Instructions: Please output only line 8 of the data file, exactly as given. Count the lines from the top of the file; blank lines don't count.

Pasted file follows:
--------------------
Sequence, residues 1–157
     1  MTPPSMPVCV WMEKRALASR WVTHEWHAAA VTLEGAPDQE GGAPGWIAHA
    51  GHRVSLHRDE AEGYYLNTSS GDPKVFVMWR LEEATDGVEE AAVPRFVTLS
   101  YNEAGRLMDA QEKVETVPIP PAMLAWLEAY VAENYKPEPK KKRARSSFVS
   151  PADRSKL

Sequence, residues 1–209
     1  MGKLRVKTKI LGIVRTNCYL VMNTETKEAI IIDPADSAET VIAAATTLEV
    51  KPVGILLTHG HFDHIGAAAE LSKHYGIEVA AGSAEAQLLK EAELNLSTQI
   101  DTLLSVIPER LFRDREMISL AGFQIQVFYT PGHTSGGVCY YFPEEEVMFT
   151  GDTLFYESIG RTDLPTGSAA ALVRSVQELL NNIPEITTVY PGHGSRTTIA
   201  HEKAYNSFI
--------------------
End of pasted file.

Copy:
    51  KPVGILLTHG HFDHIGAAAE LSKHYGIEVA AGSAEAQLLK EAELNLSTQI